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Wednesday, Oct 22 1997
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wednesday
october 22
Comedy Is Not Pretty The term "dysfunctional family" has been bandied about so casually since it entered the lexicon that its basic meaning has been muddied. Comedian Marilyn Pittman helps clear things up in her solo comedy show But Enough About You, in which she describes losing both her parents to a murder-suicide earlier this year. The show, which premiered at last year's Solo Mio Festival, has undergone an extensive rewrite to lay out some of Pittman's family history (including the revelation that her parents probably shouldn't have married in the first place), and to reflect how the incident transformed her. Pittman's newly brutally honest production isn't all black humor -- she also touches on everyday topics like media and technology addiction, and how being a lesbian is getting on her nerves. For obvious reasons, though, this won't be your average stand-up performance. But Enough About You opens at 8 p.m. (and continues through Nov. 2) at Josie's Cabaret & Juice Joint, 3853 16th St. (at Market), S.F. Admission is $10; call 861-7933.

Prints Among Men At first glance, Japanese artist Masami Teraoka's paintings and prints seem older than they really are, since they're influenced by the 19th-century Japanese woodblock prints known as ukiyo-e, or "pictures of the floating world," which concentrated on common society in the Edo period. But a closer look at the exhibit "Paintings by Masami Teraoka" reveals the modern embellishments the 61-year-old artist has made to the genre, like the condom a samurai peruses as he shaves his face. Teraoka's private collection of 19th-century Japanese woodblock prints, to be shown alongside his own work, brings into even sharper relief the stylistic similarities and the contextual differences between the old works and the new, which marry ukiyo-e technique to pop-art sensibility to address this century's common concerns: sexuality, AIDS, technology, and cultural identity. The exhibit opens at 9:30 a.m. (and is up through Jan. 25, 1998) at the Asian Art Museum, Golden Gate Park, S.F. Admission is free-$7; call 379-8801.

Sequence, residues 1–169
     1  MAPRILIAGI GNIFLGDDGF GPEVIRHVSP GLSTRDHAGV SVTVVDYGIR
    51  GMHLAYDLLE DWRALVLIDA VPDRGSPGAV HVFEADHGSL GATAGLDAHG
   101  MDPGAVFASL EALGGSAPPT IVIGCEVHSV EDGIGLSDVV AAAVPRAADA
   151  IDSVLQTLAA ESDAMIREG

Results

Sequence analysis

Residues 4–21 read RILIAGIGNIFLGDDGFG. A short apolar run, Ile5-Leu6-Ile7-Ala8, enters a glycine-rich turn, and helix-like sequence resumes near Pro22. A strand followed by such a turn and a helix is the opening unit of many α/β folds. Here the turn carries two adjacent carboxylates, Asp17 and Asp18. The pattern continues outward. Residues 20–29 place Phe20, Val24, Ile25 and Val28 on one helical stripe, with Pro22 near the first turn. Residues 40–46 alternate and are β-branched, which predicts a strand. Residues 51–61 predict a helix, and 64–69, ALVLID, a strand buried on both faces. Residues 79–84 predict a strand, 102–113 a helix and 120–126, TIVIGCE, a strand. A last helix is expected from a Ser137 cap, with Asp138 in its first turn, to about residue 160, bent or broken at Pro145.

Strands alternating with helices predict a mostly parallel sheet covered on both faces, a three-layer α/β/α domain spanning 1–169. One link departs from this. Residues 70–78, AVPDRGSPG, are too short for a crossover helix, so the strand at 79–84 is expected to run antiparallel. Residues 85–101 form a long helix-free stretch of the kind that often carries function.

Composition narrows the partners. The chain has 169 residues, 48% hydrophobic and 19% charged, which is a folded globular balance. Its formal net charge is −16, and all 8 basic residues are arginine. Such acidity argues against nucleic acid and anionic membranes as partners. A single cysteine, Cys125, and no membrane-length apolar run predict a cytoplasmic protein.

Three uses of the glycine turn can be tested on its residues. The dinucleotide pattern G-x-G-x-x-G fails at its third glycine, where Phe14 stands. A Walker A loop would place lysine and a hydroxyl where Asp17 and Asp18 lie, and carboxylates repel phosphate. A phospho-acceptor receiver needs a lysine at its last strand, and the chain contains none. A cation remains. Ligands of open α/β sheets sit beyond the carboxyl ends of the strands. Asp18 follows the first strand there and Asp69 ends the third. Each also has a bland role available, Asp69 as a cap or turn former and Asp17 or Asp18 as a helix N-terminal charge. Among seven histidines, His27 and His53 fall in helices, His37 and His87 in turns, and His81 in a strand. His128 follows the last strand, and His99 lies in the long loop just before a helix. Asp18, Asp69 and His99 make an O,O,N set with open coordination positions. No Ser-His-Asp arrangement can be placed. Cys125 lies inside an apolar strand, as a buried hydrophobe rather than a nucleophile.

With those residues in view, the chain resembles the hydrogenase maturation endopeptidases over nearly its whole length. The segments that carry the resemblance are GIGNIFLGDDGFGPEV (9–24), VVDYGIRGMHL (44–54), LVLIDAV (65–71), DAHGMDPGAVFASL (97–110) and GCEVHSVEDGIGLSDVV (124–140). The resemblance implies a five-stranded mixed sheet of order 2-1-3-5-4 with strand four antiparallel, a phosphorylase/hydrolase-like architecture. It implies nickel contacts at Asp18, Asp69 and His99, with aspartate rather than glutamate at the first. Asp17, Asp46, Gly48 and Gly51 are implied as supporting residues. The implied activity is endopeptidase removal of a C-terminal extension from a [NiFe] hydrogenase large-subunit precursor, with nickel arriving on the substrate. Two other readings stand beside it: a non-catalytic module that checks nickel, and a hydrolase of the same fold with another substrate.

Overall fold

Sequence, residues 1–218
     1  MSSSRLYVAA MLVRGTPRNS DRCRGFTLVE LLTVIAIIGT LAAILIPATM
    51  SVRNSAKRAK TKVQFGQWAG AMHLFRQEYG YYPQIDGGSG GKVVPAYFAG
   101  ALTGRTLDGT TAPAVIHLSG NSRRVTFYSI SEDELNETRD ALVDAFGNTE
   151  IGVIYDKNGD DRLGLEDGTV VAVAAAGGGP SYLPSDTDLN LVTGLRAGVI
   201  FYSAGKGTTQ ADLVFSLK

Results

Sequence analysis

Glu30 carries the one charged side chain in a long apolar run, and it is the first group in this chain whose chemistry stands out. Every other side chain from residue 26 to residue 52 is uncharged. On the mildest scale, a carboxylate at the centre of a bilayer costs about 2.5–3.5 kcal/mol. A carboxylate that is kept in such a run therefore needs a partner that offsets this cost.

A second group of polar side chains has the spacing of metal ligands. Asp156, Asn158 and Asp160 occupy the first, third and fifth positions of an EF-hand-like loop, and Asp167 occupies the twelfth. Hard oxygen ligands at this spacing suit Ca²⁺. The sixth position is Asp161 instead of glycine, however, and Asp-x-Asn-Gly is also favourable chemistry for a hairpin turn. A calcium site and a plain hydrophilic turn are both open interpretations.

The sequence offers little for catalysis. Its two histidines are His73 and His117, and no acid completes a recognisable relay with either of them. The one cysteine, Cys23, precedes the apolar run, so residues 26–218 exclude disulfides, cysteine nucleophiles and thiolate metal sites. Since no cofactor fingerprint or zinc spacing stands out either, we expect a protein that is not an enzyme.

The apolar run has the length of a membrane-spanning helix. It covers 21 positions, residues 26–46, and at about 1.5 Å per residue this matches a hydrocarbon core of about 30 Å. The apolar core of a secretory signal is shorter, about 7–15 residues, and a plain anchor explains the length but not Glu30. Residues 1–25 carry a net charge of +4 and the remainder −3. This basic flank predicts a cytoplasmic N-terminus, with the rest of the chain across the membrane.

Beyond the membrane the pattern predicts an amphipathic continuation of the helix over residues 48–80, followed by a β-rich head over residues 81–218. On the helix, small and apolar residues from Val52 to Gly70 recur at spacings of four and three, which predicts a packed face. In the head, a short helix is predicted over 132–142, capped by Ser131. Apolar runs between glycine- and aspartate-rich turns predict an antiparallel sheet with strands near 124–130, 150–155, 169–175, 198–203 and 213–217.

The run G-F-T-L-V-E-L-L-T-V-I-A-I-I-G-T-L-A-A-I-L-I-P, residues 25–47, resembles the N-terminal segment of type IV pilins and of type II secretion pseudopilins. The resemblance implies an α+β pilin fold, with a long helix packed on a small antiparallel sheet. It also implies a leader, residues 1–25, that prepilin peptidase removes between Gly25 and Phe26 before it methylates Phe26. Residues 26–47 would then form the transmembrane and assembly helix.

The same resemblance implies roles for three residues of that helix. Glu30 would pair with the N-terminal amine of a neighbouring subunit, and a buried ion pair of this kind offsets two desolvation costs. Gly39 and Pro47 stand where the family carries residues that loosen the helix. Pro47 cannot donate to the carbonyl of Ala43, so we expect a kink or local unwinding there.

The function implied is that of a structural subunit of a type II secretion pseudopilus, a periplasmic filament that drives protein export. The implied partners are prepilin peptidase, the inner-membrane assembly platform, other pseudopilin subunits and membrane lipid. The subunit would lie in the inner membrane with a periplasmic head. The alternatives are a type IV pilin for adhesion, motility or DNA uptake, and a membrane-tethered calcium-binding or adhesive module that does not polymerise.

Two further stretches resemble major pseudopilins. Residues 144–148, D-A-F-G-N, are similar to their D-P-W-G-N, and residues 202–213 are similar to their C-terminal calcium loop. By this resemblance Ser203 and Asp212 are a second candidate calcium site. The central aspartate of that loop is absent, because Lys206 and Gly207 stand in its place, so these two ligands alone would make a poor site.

thursday
october 23
K Chronicles The keyboards got left out of alternative rock's punk reconstruction amid all the guitar bashing, but three-piece Olympia punk band Mocket has brought them back, on their first album, Bionic Parts, and again on their most recent release, Fanfare. In Pacific Northwesterly DIY fashion, drummer Carolyn Rue, singer/bassist/organist Audrey Marrs, and singer/guitarist/synthesizer player Matt Steinke (an amateur robot builder) have scrambled Gary Numan with X-Ray Spex, making two old standbys sound somehow new in the process. It's a bratty, boppy, bass-heavy blend, and it sounds right at home on the band's label, K. Slaves open the all-ages show, followed by Love Is Laughter at 9:30 p.m. at the Bottom of Hill, 1233 17th St. (at Texas), S.F. Admission is $6; call 621-4455.

friday
october 24
Free Falling After scaling the sheer rock face 2,400 feet up at El Capitan in Yosemite, San Francisco dance troupe Project Bandaloop, who mix modern dance with rock-climbing technique and aerial work, employing ropes, harnesses, costumes, music, and an innovative movement vocabulary to create exhilarating and intensely visual pieces, should find the walls of the New Main Library a breeze. As part of the Library's "Brave Little Girls" exhibit, 12-year-old rock climber Rachel Sande will join the company in its outdoor performance Peregrine Dreams, Urban Landscape. Using dance, sport, and ritual to celebrate the peregrine falcon's survival in a perilous environment, the piece also indirectly reminds viewers of accessibility issues recently linked to the survival of the beleaguered performing arts. The performance begins at noon (and repeats Thursday, Oct. 30) on the Fulton Street facade of the New Main Library, Fulton & Larkin, S.F. Admission is free; call 252-2559.

Dance From France Lyon Opera Ballet has devised a clever formula to build a broad base of dance fans: For over 15 years, the company has compiled a substantive repertoire from work it commissioned from the brightest stars of avant-garde dance, including Ralph Lemon, Susan Marshall, Stephen Petronio, and Lucinda Childs. Bill T. Jones joins that illustrious roster as resident choreographer; the company will travel west with his new work Green and Blue, set to rarely heard Mozart, which the Sausalito String Quartet will perform live. Netherlands Dans Theater director Jiri Kylian contributes Stamping Ground to the bill, which closes with French choreographer Maguy Marin's Groosland, a comic piece set to Bach's Brandenburg Concertos Nos. 2 and 3. The performance begins at 8 p.m. (also Saturday) in Zellerbach Hall, Bancroft & Telegraph, UC Berkeley campus. Admission is $18-40; call (510) 642-9988.

saturday
october 25
Z Here Now The Afro Solo Theater Company, solo performer Josh Kornbluth, Word for Word Theater Company, and Stephen Pelton Dance Theater give back at the grand opening gala and benefit for the new Z Space Studio. The daylong event celebrates the work that the old space nurtured, beginning at 1 p.m. with performances of works in progress and readings developed at Z Space, followed by a Producers Reception at 5 p.m., performances at 7 p.m. by the aforementioned artists, and a public dance party at 10:30 p.m. at Z Space Studio, 1360 Mission (at 10th Street), S.F. Admission is $5-250; call 543-9505.